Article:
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Open government seeks to make the workings and information of government more accessible to all. One important aspect of open government is enabling access to one of the most basic forms of government information – the law. As John Podesta, President of Center for American Progress said during the opening to today’s “Law.Gov” conference:
What it’s about is making all primary materials in the United States more readily available, from water districts, counties, cities, and states all the way up to the three branches of the federal government. It isn’t about building the ultimate web site and putting WestLaw out of business. What Law.gov aims to achieve is changing how governmental bodies that make the law present their work product – pushing government to meet the basic requirement that the public has easy access to their work product.
Access to the law is vital to ensuring the rule of law. It also has very practical consequences of relevance to our daily lives. As Carl Malamud, organizer of the Law.gov conference pointed out:
If you want to make juice in California, you need much more than a good supply of mangos.… Title 17 of the California Code of Regulations deals with Sanitation in Food Plants. The Office of Administrative Law of the State of California asserts copyright over the California Code of Regulations and contracts with Barclays to publish the document. You can view the provisions on their web site, but I can’t make a copy that looks differently, say one that is aimed specifically at juice guys…. And, of course, you need to be fully familiar with the HACCP regulations, series of detailed standards on Hazard Analysis and Critical Control Points from the Food and Drug Administration. The HACCP regulations, in turn, incorporate by reference a raft of technical standards such as ANSI/NSF Standard Number 7 for Commercial Refrigerators and Storage Freezers, which is $100 per copy, if you want to do due diligence on your freezer and read the tech spec. These documents are just a start for the serious juice professional.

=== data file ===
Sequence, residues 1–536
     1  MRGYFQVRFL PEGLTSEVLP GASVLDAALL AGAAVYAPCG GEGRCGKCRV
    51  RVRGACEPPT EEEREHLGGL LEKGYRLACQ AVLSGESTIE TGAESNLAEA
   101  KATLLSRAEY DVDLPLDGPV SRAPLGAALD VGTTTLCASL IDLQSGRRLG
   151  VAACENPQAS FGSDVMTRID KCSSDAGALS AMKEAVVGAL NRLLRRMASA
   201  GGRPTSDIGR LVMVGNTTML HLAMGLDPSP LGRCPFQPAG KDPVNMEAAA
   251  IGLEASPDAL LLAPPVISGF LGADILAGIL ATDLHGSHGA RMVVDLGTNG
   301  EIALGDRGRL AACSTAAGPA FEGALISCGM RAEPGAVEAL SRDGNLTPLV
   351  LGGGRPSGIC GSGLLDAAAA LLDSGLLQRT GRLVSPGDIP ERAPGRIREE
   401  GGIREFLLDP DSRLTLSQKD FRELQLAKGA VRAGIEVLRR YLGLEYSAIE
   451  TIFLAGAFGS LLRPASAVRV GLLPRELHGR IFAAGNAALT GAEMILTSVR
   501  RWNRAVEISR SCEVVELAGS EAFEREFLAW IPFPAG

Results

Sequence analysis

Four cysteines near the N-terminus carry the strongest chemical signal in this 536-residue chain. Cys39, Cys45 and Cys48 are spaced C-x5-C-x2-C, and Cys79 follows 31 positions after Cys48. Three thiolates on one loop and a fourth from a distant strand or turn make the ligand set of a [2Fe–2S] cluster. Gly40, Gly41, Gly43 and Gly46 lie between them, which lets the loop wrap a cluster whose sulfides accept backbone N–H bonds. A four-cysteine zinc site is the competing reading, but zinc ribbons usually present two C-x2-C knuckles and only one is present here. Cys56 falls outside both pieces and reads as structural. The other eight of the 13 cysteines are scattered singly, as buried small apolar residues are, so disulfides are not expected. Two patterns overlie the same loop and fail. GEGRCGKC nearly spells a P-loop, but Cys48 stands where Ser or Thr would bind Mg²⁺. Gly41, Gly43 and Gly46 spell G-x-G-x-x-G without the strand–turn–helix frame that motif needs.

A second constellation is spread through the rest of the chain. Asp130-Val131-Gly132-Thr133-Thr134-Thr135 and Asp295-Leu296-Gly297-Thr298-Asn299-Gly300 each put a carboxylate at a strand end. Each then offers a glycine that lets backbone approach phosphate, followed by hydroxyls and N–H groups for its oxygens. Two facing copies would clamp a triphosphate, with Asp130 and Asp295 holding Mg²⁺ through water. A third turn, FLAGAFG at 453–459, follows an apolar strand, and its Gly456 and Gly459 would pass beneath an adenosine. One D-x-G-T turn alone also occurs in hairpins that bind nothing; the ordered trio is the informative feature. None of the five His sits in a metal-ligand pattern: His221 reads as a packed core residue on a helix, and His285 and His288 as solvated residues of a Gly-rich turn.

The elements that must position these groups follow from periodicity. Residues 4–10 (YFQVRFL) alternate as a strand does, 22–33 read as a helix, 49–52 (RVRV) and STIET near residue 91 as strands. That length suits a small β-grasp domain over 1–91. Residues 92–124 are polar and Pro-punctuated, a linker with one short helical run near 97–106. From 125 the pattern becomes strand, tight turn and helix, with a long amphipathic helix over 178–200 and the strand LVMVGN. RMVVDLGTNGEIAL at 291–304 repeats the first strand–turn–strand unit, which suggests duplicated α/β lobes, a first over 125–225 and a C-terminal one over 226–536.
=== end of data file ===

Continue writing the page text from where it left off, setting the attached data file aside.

It is not self-evident that the law is available. As Erika Wayne, Deputy Law Librarian at Stanford Law School went on to describe, eight states assert copyright, which restricts use of the online versions of their codes. At least one state provides access to case law for a fee. PACER, the federal courts court records online system, imposes eight cent per page cost that several speakers commented on as limiting access to court records. Rather than going to fund PACER, much of the money collected ($129 million) goes largely to fund other courtroom technology, said Stephen Schultze of Princeton University. If the courts made court records available in bulk form, "they might be able to provide the services for free and, at the same time, enabling third-party innovators to develop new products."
Even when material is free, it may not be accessible and, in addition, private information that shouldn’t be available may not be adequately protected. “Access to the law doesn’t simply mean access to the courtroom,” said Schultze. “We have to make sure that our practices in today’s new technological environment respect our principles with regard to openness as well as privacy.”
A number of White House officials are participating in today’s event because the White House Open Government Initiative is following the law.gov movement closely. We are interested in feedback regarding what the Federal government might do to support access to legal information.
You can follow the proceedings live online today and view the archive here.
Beth Noveck is United States Deputy Chief Technology Officer and Director of White House Open Government Initiative.